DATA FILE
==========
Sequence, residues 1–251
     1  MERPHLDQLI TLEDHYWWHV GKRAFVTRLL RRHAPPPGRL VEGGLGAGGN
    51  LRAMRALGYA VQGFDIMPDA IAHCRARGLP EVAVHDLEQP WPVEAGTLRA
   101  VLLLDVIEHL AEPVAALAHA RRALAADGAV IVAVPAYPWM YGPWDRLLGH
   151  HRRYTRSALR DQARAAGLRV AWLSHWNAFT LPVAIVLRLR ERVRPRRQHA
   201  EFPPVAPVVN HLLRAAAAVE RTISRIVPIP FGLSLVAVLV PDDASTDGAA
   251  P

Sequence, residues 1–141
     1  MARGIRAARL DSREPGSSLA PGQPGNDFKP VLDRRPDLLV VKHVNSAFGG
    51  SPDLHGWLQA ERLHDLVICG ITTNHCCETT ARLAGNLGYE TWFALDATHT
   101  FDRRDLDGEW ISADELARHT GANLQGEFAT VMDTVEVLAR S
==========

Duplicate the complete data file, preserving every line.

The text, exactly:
Sequence, residues 1–251
     1  MERPHLDQLI TLEDHYWWHV GKRAFVTRLL RRHAPPPGRL VEGGLGAGGN
    51  LRAMRALGYA VQGFDIMPDA IAHCRARGLP EVAVHDLEQP WPVEAGTLRA
   101  VLLLDVIEHL AEPVAALAHA RRALAADGAV IVAVPAYPWM YGPWDRLLGH
   151  HRRYTRSALR DQARAAGLRV AWLSHWNAFT LPVAIVLRLR ERVRPRRQHA
   201  EFPPVAPVVN HLLRAAAAVE RTISRIVPIP FGLSLVAVLV PDDASTDGAA
   251  P

Sequence, residues 1–141
     1  MARGIRAARL DSREPGSSLA PGQPGNDFKP VLDRRPDLLV VKHVNSAFGG
    51  SPDLHGWLQA ERLHDLVICG ITTNHCCETT ARLAGNLGYE TWFALDATHT
   101  FDRRDLDGEW ISADELARHT GANLQGEFAT VMDTVEVLAR S